We very much supported, therefore, the views of the noble Lords, Lord Hodgson and Lord Sharman, and the noble Baroness, Lady Goudie, that the court should be able to throw out unmeritorious claims at an early stage without involving companies. We recognise the concerns that the Bill's provisions could do more to achieve this, and therefore we have tabled a package of amendments which will apply to proceedings in England and Wales, Northern Ireland and Scotland, which will have four main effects.

First, the amendments will introduce a two-stage procedure for permission to continue a derivative claim. At the first stage, the applicant would be required to make a prima facie case. The court would be required to consider the issue on the basis of the evidence filed by the claimant only, without requiring any evidence from the defendant. The courts must dismiss the application at this stage if what was filed did not show there was a good case. At the second stage, but still before the substantive action begins, the court would consider if the decision of the directors was one which the company could reasonably and independently have taken.

Secondly, the amendments make it clear that the court may make any consequential order it considers appropriate—for example, a cost order or a civil restraint order against the applicant.
 
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Thirdly, they give the court an explicit power to adjourn the permission application either for a specific event to take place, such as a general meeting or other soundings, or generally so that it can revisit the question of permission at a later stage.

Fourthly, they amend the factors which the court must take into account under Clause 242(3) in deciding whether to permit a derivative claim to continue so that it includes,

I believe that this will help to address concerns that it is not practicable or desirable for major quoted companies to ask shareholders formally to approve directors' commercial decisions.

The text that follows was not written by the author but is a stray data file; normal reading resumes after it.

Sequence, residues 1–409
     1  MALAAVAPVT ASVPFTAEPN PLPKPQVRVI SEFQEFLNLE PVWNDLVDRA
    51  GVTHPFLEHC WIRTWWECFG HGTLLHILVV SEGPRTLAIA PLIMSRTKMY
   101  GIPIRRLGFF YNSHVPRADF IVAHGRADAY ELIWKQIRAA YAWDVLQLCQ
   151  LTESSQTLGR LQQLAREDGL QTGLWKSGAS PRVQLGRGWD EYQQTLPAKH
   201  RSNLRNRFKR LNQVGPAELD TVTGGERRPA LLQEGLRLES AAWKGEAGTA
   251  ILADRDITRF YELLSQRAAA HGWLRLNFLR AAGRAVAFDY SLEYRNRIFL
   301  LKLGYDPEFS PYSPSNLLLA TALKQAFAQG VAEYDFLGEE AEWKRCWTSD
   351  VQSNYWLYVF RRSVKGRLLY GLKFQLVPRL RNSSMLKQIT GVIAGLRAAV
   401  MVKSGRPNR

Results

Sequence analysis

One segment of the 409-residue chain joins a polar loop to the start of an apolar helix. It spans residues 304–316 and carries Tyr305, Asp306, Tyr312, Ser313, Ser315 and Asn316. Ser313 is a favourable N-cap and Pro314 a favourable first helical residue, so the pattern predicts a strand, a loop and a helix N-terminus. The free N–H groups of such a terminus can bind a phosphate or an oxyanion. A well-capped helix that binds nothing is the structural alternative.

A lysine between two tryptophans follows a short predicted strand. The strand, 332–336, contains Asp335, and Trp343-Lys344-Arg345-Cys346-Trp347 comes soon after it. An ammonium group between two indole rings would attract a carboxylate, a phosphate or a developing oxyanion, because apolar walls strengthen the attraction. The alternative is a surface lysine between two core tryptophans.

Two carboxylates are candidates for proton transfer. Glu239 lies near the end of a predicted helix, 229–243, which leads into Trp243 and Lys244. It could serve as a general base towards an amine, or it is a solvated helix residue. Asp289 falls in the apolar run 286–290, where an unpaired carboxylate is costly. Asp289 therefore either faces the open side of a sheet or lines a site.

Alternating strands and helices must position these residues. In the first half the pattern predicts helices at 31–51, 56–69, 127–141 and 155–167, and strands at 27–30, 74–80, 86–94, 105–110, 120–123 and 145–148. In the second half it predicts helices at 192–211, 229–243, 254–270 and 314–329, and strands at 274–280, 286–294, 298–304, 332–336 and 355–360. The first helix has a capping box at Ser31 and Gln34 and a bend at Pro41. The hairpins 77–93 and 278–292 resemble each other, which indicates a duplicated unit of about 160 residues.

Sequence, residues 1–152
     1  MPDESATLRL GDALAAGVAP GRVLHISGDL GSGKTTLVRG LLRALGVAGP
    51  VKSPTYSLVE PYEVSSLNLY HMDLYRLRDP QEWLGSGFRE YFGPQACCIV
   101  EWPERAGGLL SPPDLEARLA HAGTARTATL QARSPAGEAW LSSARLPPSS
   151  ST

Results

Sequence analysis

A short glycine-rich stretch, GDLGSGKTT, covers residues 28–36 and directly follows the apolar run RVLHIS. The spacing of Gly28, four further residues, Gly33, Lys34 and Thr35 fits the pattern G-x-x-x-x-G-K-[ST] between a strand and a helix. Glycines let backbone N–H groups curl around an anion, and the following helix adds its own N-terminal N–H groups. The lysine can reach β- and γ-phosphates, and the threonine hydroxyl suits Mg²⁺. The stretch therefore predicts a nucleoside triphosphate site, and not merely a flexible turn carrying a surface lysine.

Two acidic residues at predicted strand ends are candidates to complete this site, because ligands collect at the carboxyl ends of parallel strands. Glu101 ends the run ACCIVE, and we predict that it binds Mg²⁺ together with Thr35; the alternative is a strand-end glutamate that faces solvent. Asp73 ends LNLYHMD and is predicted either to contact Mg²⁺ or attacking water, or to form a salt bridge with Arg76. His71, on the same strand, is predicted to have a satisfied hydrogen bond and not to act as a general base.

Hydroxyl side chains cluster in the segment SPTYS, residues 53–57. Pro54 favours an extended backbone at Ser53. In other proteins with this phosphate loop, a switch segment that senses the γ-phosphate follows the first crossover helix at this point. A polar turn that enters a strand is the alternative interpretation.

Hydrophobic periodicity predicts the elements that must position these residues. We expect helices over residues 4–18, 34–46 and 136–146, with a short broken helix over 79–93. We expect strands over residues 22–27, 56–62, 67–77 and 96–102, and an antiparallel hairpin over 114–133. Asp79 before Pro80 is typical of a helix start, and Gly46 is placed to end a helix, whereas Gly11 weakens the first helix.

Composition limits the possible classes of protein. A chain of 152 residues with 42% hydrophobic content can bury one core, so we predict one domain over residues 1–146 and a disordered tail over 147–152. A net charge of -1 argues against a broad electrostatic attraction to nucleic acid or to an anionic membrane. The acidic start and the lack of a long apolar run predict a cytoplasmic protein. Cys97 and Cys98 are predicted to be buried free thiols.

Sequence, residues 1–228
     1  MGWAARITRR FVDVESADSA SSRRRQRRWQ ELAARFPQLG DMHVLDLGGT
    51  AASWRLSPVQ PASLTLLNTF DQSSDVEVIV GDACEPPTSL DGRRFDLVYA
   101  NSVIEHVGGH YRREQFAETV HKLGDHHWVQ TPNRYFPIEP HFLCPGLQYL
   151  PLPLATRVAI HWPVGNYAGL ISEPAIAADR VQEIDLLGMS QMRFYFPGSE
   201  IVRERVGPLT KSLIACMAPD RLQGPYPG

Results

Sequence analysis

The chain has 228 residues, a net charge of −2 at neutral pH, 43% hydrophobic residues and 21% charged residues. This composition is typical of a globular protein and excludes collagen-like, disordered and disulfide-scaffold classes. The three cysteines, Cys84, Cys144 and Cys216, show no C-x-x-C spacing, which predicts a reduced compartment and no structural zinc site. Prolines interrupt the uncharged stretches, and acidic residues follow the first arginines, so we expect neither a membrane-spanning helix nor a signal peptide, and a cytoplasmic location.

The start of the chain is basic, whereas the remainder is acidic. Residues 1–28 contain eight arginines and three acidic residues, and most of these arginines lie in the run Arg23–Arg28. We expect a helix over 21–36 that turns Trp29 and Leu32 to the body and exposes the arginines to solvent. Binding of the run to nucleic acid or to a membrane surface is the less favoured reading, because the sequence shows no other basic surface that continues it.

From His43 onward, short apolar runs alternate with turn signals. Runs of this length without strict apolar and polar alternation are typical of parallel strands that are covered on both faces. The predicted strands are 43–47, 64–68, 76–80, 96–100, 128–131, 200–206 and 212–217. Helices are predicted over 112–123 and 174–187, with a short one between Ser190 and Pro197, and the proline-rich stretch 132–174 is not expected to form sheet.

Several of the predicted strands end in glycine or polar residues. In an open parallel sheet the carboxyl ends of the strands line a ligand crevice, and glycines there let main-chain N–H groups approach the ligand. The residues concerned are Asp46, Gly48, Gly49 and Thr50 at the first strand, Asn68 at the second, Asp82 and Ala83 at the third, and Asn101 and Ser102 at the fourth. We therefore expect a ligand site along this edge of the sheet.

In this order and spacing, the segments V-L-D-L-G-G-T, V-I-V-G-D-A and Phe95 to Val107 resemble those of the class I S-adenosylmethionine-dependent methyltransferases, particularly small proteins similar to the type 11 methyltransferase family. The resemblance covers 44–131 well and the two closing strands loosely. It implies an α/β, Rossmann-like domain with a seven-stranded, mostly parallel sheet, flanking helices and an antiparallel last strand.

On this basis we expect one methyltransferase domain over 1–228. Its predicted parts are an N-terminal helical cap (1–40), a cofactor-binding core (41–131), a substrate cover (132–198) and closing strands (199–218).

I also believe that this package of measures, which has been the subject of very careful consideration, both delivers the Government's objectives in Part 11 and addresses concerns that the derivative procedure should not be abused. I express my thanks to those who have participated with us in our development of this package. I beg to move.

Lord Hodgson of Astley Abbotts: My Lords, I thank the noble and learned Lord for the trouble that he and the Minister have taken with the officials to take in the views on this complex and quite controversial issue. From these Benches, we welcome the changes that he has just outlined—the introduction of a prima facie case at two levels, and the ability to call upon the views of disinterested shareholders, which must be taken into account by the court in deciding whether to allow the proceedings to continue. We think that that is extremely helpful. We were chasing the prima facie case in our Amendment No. 250B in Grand Committee on 27 February 2006, when we asked that the civil procedure rules should proceed further only if the court is satisfied that a prima facie case is made out of a cause of action under Section 239(3). We are pleased to see that that is included now. The noble and learned Lord was slightly disobliging on that occasion—elegantly disobliging, as always—when he said,

We are delighted that he has found a way to reconcile that and to work his way through.

As I explained, this is a technical area. Inevitably, because of the tortuous nature of the negotiations the noble and learned Lord has been undertaking, the amendments were tabled quite late. We have therefore tabled a subsequent amendment, which we wish to explore further, to give us an opportunity to talk to interested parties to try to pull this thing together and put a pink ribbon around it, if possible. I would not want the Minister to think that, in moving Amendment No. 136, we are not grateful for what the government amendment represents: it is a very
 
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important and useful step forward. We are grateful to the noble and learned Lord the Attorney-General and his colleagues for tabling their amendments.